BEIJING, June 30 (Xinhua) -- The agreement between the presidents of China and the United States on Saturday to restart trade consultations sent a positive message to the world, experts and industry insiders have said.
On the sidelines of a summit of the Group of 20 major economies in the Japanese city of Osaka, Chinese President Xi Jinping and his U.S. counterpart Donald Trump agreed to restart economic and trade consultations between their countries on the basis of equality and mutual respect.
The two leaders also agreed that the U.S. side will not add new tariffs on Chinese exports, and a China-U.S. relationship featuring coordination, cooperation and stability should be advanced.
Swaran Singh, a professor from the School of International Studies at the Delhi-based Jawaharlal Nehru University in India, said the meeting "brought a very positive outcome."
"And I think that positive outcome brings great relief to international markets and several other countries who are noticing the negative trend in global economic growth rates," he added.
Antoine Bondaz, a research fellow at the Foundation for Strategic Research, a leading French think tank, said the consensus reached between the two leaders is crucial for future negotiations.
Saturday's meeting was necessary for stabilizing the markets, bolstering investor confidence and promoting global development, Bondaz said, adding that stable China-U.S. trade ties are an indispensable precondition to global economic growth.
Cooperation between Beijing and Washington will benefit both while confrontation will cause them harm, said Zhu Jianrong, professor at Toyo Gakuen University of Japan.
Zhu said he expects the two sides to enhance trade cooperation, push forward bilateral ties, and uphold the international trading system.
Meanwhile, U.S. business and industry insiders, who had previously voiced deep concern over a possibility of an escalating trade dispute before the Xi-Trump meeting, hailed the agreement clinched on Saturday and expected more progress in the talks to come.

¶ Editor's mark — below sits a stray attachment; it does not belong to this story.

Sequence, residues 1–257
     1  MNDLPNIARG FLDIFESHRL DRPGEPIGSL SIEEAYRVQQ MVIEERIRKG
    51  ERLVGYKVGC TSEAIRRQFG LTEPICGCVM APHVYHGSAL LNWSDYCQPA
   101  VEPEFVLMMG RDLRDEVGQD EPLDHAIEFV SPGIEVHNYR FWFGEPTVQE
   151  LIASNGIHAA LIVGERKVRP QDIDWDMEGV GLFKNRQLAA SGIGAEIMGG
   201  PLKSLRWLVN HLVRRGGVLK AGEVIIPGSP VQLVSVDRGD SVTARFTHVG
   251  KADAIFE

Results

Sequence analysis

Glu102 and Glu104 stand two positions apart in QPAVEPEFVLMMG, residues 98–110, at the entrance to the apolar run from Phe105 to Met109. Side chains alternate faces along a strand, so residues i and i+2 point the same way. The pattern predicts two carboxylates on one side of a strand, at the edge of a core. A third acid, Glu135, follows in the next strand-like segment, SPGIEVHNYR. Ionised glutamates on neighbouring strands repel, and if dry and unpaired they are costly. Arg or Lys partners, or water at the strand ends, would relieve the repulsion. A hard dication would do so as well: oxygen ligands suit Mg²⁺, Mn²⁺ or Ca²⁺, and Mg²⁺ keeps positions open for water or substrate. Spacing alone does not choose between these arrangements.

Jay Timmons, president and chief executive of the National Association of Manufacturers, said in a statement that a trade deal is "exactly what manufacturers have advocated over the last year and a half."
"Manufacturers are encouraged that the two countries will refrain from escalating tariffs further to allow for new rounds of negotiation," the statement said, adding that the Xi-Trump meeting "brings us closer" to a trade deal.
The U.S.-China Business Council said its members "are pleased that the United States and China have agreed to get back to the negotiating table on trade issues and to postpone further escalation of their tariff battles."
David French, senior vice president of government relations at the National Retail Federation, said that his organization welcomes the progress made during this meeting.
"Pulling back from the brink of further tariff escalation is a good sign for retailers and their customers, and we look forward to continued progress in the talks with China so that further tariffs can be avoided and existing ones lifted."